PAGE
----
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Page 45

CHAPTER THREE

house was also a feminine one. She distrusted Elita and she believed that, if she was pretending an affection for her brother, it was not a sincere one. Elita would demand virility and passion from a man; and Francis' pale posturings would, Lizbeth was sure, be more likely to arouse amusement than any deeper emotion.
And yet there was no doubt that the girl was encouraging him, but for what reason Lizbeth could not guess. Elita was the first girl in whom Francis had ever been interested. Always when women came to the house he paid little attention to them, hardly speaking save out of the most ordinary politeness. When not at his studies, he seemed most content to be alone, reading or writing the poems which aroused his father's fury, but which seemed to give Francis, if no-one else, a good deal of satisfaction.
There was a sudden sound outside on the stairs, which made Lizbeth sit up suddenly in her bed. Was it Francis returning? She hoped it was so, only to realize that what had roused her was nothing more than the creaking of the panelling. All was silent again, but because she was restless and worried, Lizbeth rose once more from her bed, and crossed the room to the window.
It was chilly and cold outside. It had been raining earlier in the evening and the rain clouds were still heavy in the sky, partially obscuring the light of the moon. It was, however, possible to see the outline of the garden below, the great trees silhouetted high and dark around the house. There was no sign of anyone moving through the garden or coming round the sweep of the drive.
Lizbeth sighed and then shivered a little from the night air. She could do no good standing there waiting for Francis, and yet she hated to turn away from the window with only that sense of anxiety and frustration for company. She wished now that she had run after him when she saw him descending the stairs, and had pleaded with him not to go. Yet she knew he would not have listened to her. Like all weak people Francis could be incredibly obstinate on occasions.
There was another sound on the stairs and, thinking perhaps she had missed Francis' return, Lizbeth opened her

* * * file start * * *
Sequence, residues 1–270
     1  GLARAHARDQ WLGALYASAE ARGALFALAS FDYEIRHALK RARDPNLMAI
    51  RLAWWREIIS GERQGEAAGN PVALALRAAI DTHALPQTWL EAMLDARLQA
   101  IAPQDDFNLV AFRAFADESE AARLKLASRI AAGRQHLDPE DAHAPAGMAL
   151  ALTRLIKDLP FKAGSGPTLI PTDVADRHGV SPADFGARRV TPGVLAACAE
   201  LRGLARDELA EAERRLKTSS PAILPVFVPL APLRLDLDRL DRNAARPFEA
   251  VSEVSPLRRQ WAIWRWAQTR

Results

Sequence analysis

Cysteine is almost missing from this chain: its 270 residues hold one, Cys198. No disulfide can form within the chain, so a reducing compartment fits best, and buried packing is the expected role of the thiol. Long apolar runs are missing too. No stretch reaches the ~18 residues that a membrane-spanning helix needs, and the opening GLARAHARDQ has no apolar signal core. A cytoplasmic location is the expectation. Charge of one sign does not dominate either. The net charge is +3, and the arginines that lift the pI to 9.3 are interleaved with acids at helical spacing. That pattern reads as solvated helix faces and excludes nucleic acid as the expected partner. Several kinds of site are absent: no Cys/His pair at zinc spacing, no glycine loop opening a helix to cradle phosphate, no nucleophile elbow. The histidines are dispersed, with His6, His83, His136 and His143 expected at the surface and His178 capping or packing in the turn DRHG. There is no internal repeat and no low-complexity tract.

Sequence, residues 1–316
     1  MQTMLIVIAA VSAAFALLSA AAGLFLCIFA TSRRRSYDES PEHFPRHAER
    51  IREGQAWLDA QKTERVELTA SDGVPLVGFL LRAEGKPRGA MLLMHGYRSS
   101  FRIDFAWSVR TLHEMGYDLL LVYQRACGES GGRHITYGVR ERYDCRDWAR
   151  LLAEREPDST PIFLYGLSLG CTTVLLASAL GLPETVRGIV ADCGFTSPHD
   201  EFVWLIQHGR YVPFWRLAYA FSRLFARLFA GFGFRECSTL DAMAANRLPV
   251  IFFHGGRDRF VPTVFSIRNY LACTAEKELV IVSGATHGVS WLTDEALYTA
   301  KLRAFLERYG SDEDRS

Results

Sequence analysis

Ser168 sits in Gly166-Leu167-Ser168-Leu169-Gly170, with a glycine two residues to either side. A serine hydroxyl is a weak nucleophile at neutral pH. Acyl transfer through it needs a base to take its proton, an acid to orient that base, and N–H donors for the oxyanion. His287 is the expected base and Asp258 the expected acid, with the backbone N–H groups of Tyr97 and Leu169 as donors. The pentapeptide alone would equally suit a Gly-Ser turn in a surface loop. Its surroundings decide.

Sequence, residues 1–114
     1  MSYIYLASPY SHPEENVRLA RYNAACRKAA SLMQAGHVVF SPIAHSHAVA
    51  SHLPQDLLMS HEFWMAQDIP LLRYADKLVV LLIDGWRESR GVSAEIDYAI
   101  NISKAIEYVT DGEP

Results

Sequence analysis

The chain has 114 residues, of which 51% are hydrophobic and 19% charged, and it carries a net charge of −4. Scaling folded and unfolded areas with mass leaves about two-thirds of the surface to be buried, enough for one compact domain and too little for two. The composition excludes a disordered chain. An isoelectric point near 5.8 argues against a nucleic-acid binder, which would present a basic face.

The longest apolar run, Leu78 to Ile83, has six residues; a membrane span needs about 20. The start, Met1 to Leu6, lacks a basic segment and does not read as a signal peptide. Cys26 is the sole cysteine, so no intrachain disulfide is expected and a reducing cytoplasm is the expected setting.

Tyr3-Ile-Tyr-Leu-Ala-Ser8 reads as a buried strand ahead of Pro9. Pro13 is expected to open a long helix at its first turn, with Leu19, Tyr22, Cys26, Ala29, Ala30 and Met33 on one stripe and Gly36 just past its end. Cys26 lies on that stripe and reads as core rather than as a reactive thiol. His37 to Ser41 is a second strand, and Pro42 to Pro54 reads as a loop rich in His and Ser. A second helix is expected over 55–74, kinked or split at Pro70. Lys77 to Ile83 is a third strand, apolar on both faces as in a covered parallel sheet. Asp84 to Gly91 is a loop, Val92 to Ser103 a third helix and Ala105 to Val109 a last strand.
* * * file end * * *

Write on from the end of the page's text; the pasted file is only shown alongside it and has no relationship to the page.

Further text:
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where is HTML where is HEAD where is TITLE house was also a feminine one. She distrusted Elita and she believed that, if she was pretending an affection for her brother, it was not a sincere one. Elita would demand virility and passion from a man; and Francis' pale posturings would, Lizbeth was sure, be more likely to arouse amusement than any deeper emotion. And yet there was no doubt that what is girl was encouraging him, but for what reason Lizbeth could not guess. Elita was what is first girl in whom Francis had ever been interested. Always when women came to what is house he paid little attention to them, hardly speaking save out of what is most ordinary politeness. When not at his studies, he seemed most content to be alone, reading or writing what is poems which aroused his father's fury, but which seemed to give Francis, if no-one else, a good deal of satisfaction. There was a sudden sound outside on what is stairs, which made Lizbeth sit up suddenly in her bed. Was it Francis returning? She hoped it was so, only to realize that what had roused her was nothing more than what is creaking of what is panelling. All was silent again, but because she was restless and worried, Lizbeth rose once more from her bed, and crossed what is room to what is window. It was chilly and cold outside. It had been raining earlier in what is evening and what is rain clouds were still heavy in what is sky, partially obscuring what is light of what is moon. It was, however, possible to see what is outline of what is garden below, what is great trees silhouetted high and dark around what is house. There was no sign of anyone moving through what is garden or coming round what is sweep of what is drive. Lizbeth sighed and then shivered a little from what is night air. She could do no good standing there waiting for Francis, and yet she hated to turn away from what is window with only that sense of anxiety and frustration for company. She wished now that she had run after him when she saw him descending what is stairs, and had pleaded with him not to go. Yet she knew he would not have listened to her. Like all weak people Francis could be incredibly obstinate on occasions. There was another sound on what is stairs and, thinking perhaps she had missed Francis' return, Lizbeth opened her where is meta name="keywords" content="old books, Free book , free book offer , free audio books , free coloring book pages , free book reports , free audio book , audio books free download , book free , free guest book , books free , free book summaries , download free audio books , free childrens books." where is where are they now rel="stylesheet" type="text/css" href="../../style.css" where is meta http-equiv="Content-Type" content="text/html; charset=iso-8859-1" where is BODY bgColor=#ffffff text="#000000" where are they now ="#000000" v where are they now ="#FF0000" where is div align="center" where is strong where is strong where is a href="http://www.aaoldbooks.com" Books > where is a href="../default.asp" title="Book" Old Books > where is strong where is a href="default.asp" Elizabethan Lover (1953) where is table width="700" border="1" align="center" cellpadding="15" cellspacing="0" where is center where is tr where is td width="160" align="center" valign="top" where is div align="center" where is td align="center" valign="top" where is div align="left" where is div align="center" where is p align="left" Page 45 where is strong CHAPTER THREE where is p align="justify" house was also a feminine one. She distrusted Elita and she believed that, if she was pretending an affection for her brother, it was not a sincere one. Elita would demand virility and passion from a man; and Francis' pale posturings would, Lizbeth was sure, be more likely to arouse amusement than any deeper emotion. And yet there was no doubt that what is girl was encouraging him, but for what reason Lizbeth could not guess. Elita was what is first girl in whom Francis had ever been interested. Always when women came to what is house he paid little attention to them, hardly speaking save out of what is most ordinary politeness. When not at his studies, he seemed most content to be alone, reading or writing what is poems which aroused his father's fury, but which seemed to give Francis, if no-one else, a good deal of satisfaction. There was a sudden sound outside on what is stairs, which made Lizbeth sit up suddenly in her bed. Was it Francis returning? She hoped it was so, only to realize that what had roused her was nothing more than what is creaking of what is panelling. All was silent again, but because she was restless and worried, Lizbeth rose once more from her bed, and crossed what is room to what is window. It was chilly and cold outside. It had been raining earlier in what is evening and what is rain clouds were still heavy in what is sky, partially obscuring what is light of what is moon. It was, however, possible to see what is outline of what is garden below, what is great trees silhouetted high and dark around what is house. There was no sign of anyone moving through what is garden or coming round what is sweep of what is drive. Lizbeth sighed and then shivered a little from what is night air. She could do no good standing there waiting for Francis, and yet she hated to turn away from what is window with only that sense of anxiety and frustration for company. She wished now that she had run after him when she saw him descending what is stairs, and had pleaded with him not to go. Yet she knew he would not have listened to her. Like all weak people Francis could be incredibly obstinate on occasions. There was another sound on what is stairs and, thinking perhaps she had missed Francis' return, Lizbeth opened her where is Server.Execute("_SiteMap.asp") %